C Cody Zeller, Indiana (11 first, 110 pts.)
As Schoch put it, "Were you expecting anyone else?"
The only unanimous first-teamer, Zeller is a perfectly fine choice for National Player of the Year. He may or may not have won if we had voted on that award during this process, but you'd be hard-pressed to find an All-American team that doesn't have him on it.
Zeller scores, rebounds, plays strong defense and even has been working on a jump shot out to three-point range. If the deep balls start falling, opposing coaches would be forgiven for simply giving up. Even with the major influx of talent in Bloomington, the offense still works through Zeller, and an injury would seem to be the only thing to stop him this season.
F Doug McDermott, Creighton (nine first, one second, one third, 99 pts.)
The only other player to appear on every ballot, McDermott was a consensus Player of the Year finalist last season, so why should he miss the first team this year?
Polacek wrote, "I will be legitimately surprised if McDermott doesn’t lead the nation in scoring per game this year after finishing in the Top Three in 2011-12."
The loss of point guard Antoine Young may give opponents a bit more leeway to trap and double McDermott, but if he doesn't have the shot, he won't take it.
That basketball IQ will keep garnering him praise, even if he's only scoring 20 PPG instead of 22.
F Deshaun Thomas, Ohio State (five first, four second, one third, 77 pts.)
Where McDermott selects shots like a veteran sommelier selects wines, Thomas is a bit less discriminating. The look can be Dom Perignon or MD 20/20; he'll still take it. With no William Buford and Jared Sullinger, there will be more shots available than at spring break in Cancun. Look for Thomas to take enough that he'll struggle to walk afterwards.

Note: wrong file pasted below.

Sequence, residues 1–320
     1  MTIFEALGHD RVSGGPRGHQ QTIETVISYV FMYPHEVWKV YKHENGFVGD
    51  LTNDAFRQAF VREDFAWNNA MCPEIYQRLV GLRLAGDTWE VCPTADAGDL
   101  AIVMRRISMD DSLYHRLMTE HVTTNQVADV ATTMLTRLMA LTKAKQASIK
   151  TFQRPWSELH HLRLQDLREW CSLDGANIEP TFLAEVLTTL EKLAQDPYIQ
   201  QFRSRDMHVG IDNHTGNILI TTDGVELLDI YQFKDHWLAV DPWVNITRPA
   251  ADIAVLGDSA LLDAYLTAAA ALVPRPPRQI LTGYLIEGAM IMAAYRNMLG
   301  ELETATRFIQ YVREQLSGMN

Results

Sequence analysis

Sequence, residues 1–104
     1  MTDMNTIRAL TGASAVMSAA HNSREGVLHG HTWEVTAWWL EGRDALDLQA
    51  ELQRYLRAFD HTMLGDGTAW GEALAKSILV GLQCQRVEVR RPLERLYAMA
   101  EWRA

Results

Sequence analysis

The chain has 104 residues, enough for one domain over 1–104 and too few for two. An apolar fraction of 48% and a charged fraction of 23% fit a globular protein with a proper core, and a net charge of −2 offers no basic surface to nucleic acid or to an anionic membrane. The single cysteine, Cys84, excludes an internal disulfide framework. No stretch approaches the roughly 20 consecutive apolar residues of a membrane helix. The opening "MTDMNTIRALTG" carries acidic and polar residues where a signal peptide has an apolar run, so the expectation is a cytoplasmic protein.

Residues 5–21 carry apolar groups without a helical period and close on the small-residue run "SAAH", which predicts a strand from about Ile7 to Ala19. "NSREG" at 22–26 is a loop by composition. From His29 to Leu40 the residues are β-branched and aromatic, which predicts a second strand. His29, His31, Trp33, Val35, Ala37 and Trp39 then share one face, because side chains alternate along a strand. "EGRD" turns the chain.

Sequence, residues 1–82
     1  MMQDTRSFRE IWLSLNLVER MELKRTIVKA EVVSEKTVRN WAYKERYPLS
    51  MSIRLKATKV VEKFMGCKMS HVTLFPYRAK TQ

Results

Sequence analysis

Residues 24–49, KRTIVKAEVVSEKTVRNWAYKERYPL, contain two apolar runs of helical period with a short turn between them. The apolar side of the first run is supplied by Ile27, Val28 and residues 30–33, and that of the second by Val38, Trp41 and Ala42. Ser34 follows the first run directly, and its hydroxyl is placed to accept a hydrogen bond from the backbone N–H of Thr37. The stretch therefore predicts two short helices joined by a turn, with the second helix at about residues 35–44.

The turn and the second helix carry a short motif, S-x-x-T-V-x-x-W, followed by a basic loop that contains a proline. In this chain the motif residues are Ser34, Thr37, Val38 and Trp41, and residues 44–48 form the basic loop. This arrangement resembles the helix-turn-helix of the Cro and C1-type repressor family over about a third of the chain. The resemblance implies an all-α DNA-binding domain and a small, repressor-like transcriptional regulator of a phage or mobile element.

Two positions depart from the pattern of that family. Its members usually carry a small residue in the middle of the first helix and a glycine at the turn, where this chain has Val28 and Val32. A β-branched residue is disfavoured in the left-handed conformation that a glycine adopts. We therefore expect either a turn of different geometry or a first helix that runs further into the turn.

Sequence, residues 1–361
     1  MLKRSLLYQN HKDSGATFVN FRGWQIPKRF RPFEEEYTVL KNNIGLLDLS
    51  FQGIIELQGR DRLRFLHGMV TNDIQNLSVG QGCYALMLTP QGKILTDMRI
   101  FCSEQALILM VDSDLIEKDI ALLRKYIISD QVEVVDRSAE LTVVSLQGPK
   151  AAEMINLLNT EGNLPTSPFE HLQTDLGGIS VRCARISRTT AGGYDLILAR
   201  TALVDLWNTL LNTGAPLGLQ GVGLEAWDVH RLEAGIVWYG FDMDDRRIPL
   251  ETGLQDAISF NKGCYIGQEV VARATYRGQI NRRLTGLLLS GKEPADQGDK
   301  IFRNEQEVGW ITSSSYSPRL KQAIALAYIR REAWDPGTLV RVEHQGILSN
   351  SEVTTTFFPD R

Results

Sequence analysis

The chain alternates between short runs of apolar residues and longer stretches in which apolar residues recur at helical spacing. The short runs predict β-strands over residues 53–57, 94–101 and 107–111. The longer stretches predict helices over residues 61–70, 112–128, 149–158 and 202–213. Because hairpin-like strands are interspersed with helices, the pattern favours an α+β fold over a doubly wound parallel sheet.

Thomas averaged nearly 20 PPG in the Buckeyes' run to the Final Four, and that experience should give him a taste of what to expect this season. Personally, I'm expecting close to 25 points a night and certainly a Big Ten scoring title, if not the national crown.
G/F Shabazz Muhammad, UCLA (four first, three second, two third, 64 pts.)
Robert Pace said of Muhammad, "If cleared for eligibility with UCLA, Muhammad will be one of the most explosive players college basketball has seen in recent years. A one-and-done guy for sure."
The first part of that statement hangs like a cloud over the rest. The NCAA is in no hurry to give UCLA a definitive ruling on the eligibility of either Muhammad or classmate Kyle Anderson.
Satsky added, "...he's a poor man's Kobe. Explosive dunker, commendable shooter, unique physical specimen and extremely versatile."
He'll be fun to watch for those who stay up late enough to watch the Pac-12. Will the NCAA let us watch him this year, or do we have to wait to see him put on a cap at the NBA draft? Stay tuned.
G Isaiah Canaan, Murray State (4 1st, 3 2nd, 2 3rd, 64 pts.)
Canaan led Murray on a long undefeated run, branding himself on the national radar in the process. This season, he's lost two talented supporting pieces to graduation and one to a case of road rage in a Wal-Mart parking lot. He may have to average 20 or more to fulfill the hefty expectations this year.
Satsky called him an "elite outside shooter, just needs to gain more maturity as a ball-handler," while Vasta praised his "killer instinct that wants the ball to hit the final dagger in opposing teams' hearts."
All of that will be on full display as he tries to score Murray State a few more NCAA tournament wins.
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